Collision Convention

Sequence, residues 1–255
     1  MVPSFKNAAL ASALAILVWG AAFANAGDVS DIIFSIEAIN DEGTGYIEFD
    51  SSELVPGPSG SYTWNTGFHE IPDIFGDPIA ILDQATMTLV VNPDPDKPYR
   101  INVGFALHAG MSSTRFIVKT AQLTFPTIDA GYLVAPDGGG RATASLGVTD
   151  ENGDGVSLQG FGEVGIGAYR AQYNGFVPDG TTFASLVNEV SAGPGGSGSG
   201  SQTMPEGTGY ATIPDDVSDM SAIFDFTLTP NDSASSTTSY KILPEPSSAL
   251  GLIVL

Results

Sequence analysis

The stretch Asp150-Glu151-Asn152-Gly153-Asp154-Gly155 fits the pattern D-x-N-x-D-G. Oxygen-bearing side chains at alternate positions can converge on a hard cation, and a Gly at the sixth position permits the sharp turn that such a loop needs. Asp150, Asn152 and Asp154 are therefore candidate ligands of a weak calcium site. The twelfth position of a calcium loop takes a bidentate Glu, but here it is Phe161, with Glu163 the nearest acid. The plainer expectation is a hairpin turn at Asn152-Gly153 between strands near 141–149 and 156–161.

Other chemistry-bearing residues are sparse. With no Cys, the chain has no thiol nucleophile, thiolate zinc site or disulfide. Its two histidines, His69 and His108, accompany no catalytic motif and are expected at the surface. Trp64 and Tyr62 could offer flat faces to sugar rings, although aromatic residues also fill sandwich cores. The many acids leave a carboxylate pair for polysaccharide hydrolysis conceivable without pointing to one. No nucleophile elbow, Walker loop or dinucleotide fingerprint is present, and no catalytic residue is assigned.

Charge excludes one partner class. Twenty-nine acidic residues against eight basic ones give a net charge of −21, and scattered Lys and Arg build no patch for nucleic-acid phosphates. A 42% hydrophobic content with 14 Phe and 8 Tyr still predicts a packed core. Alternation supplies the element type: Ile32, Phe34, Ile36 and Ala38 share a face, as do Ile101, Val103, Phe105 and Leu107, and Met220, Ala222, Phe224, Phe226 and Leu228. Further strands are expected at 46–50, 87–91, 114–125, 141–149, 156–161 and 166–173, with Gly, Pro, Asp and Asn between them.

The clause was upheld according to its strict terms in The Jason (1911) but it was only partly effective because the U.S. Courts adopted the construction that the exercise of due diligence was a condition precedent to the owners’ right to recover the cargo contribution independent of causative effect. This resulted in the introduction of the New Jason Clause which is a contractual adoption of the English law position, so that only the shipowners actionable fault causing the loss will defeat his claim in general average. A both to blame collision clause is designed to deal with a rule of U.S. law. The U.S. is not a party to the 1910 Collision Convention unlike the UK which originally gave effect to it in the Maritime Conventions Act, 1911. An American shipowner whose ship is involved in a collision can attach in an American port any ship in the same ownership as the one with which he has collided, even if the collision occurred in some distant part of the world. By the law of the U.S. where cargo is lost or damaged in a ship for which both ships are to blame, the cargo-owners may recover in full against the non-carrying ship. The non-carrying ship will then claim an indemnity from the carrying ship with the result that the carrying ship ends up indirectly paying for cargo’s collision loss, yet it would have been exempted for this under the Hague or Hague-Visby Rules. The Both to Blame Collision Clause allows the carrier to claim an indemnity from the cargo-owner for the appropriate sum paid to the non-carrying ship. However, it should be noted that the legality of the clause was tested in the United States in United States of America v Atlantic Mutual Insurance Co. (1952) where a bill of lading contained the clause. The Supreme Court decided that the clause was invalid as being a violation of the rule which in general forbids carriers from stipulating against the negligence of themselves or their employees.